Gasoline (Petrol) -- Gas costs about CUC$1.10 per liter (or about CUC$4.16 per gallon).

Holidays -- Cuba has a very limited number of official holidays, and aside from Christmas Day, no religious holidays are recognized by the state. The official holidays are January 1 (Liberation Day), May 1 (May Day, or Labor Day), July 26 (Revolution Day), October 10 (anniversary of the beginning of the 1868 War of Independence), and December 25 (Christmas Day). However, the state has such total control that it's not uncommon for mass rallies or entire national mobilizations to be called as it sees fit. Other important dates that sometimes bring Cuba to a de facto state of national holiday include: January 28 (Birth of José Martí), February 24 (anniversary of the beginning of the 1895 War of Independence), March 8 (International Women's Day), April 19 (anniversary of Bay of Pigs victory), July 30 (Day of the Martyrs of the Revolution), October 8 (anniversary of the death of Che Guevara), October 28 (anniversary of the death of Camilo Cienfuegos), and December 7 (anniversary of the death of Antonio Maceo). 

Insurance -- In May 2010, Cuba implemented new insurance rules: All visitors and non-Cuban residents must hold a medical insurance policy. Failure to carry the correct documents could result in the visitor having to purchase mandatory coverage at the airport through Asistur. Visitors from the U.S. should take out their insurance policy from Cuban insurance companies that are affiliated with Havantur-Celimar Company. (American insurance companies do not provide coverage in Cuba.) For more information, contact the Cuban Ministry of Foreign Affairs ( That said, it seems that visitors are not always asked to present proof of insurance documentation on entry. Still, to be safe, you should take out an insurance policy before you arrive in Cuba. If you do need to purchase insurance at the airport, contact Asistur (tel. 7/866-4499;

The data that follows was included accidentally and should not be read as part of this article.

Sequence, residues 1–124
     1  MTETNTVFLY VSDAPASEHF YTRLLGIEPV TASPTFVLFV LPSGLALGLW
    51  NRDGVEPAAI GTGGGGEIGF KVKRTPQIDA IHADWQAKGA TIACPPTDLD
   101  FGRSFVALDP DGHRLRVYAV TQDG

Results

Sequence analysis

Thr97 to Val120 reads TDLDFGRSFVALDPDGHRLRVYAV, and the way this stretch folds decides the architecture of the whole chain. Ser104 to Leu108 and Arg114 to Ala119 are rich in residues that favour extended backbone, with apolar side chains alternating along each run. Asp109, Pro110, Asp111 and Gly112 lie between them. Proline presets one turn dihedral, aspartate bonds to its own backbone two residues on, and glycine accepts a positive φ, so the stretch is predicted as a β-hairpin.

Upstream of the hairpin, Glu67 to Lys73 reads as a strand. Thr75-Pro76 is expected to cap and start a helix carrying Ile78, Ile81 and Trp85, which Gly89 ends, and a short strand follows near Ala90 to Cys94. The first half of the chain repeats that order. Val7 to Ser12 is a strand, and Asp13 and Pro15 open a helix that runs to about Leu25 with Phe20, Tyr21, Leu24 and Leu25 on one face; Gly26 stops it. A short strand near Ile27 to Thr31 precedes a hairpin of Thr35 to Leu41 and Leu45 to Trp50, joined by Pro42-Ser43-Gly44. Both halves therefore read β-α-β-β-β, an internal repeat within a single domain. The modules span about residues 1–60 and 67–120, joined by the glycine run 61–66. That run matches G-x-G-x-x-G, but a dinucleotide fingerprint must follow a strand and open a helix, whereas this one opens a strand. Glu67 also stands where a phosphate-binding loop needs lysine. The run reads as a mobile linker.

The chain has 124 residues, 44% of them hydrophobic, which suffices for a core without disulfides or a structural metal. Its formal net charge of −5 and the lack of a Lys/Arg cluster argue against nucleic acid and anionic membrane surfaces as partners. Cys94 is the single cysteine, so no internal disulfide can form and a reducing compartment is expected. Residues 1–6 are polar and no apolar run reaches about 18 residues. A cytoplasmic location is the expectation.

For information on traveler's insurance, trip cancelation insurance, and medical insurance while traveling, please visit

Language -- Spanish is the official language of Cuba. English is spoken at most tourist hotels and some restaurants and attractions. Outside of the tourist orbit, English is not widely spoken, and some rudimentary Spanish will go a long way.

Indigenous and African languages have had a profound and lasting influence, and you will find many words -- like cigar, barbacoa, and conga -- tracing their origin to indigenous and African sources used widely across the island. Various African dialects are still widely used in the songs and ceremonies of Santeria and other syncretic religions, although almost no one speaks them conversationally. In a legacy from the Soviet days, some Cubans speak Russian.

Legal Aid -- If you get into legal trouble, immediately request to be put in touch with your embassy. All embassies have round-the-clock emergency numbers. Asistur ( may also be able to help. Its emergency numbers are tel. 7/866-8527, tel. 7/866-8339, and tel. 7/866-8920.

Mail -- A post office is called a correo in Spanish. You can get stamps at post offices, gift shops, and the front desk in most hotels. The Cuban postal system is extremely slow and untrustworthy. You can count on every parcel and piece of mail being opened and inspected. The cost of a postcard or letter to the U.S. or Canada is CUC$.75, and it takes about 3 weeks for delivery. A postcard and letter to Europe costs CUC$.70. A package of up to 1 kilogram (2.2 lb.) will cost CUC$10 to CUC$20 to ship, depending upon your destination country, but can only be dealt with at principal post offices.

However, it is best to send anything of any value via an established international courier service. DHL, Calle 26 and Avenida 1, Miramar, Havana (tel. 7/204-1876;, provides broad coverage to most of Cuba. Beware: Despite what you may be told, packages sent overnight to U.S. addresses tend to take 3 to 4 days to reach their destination.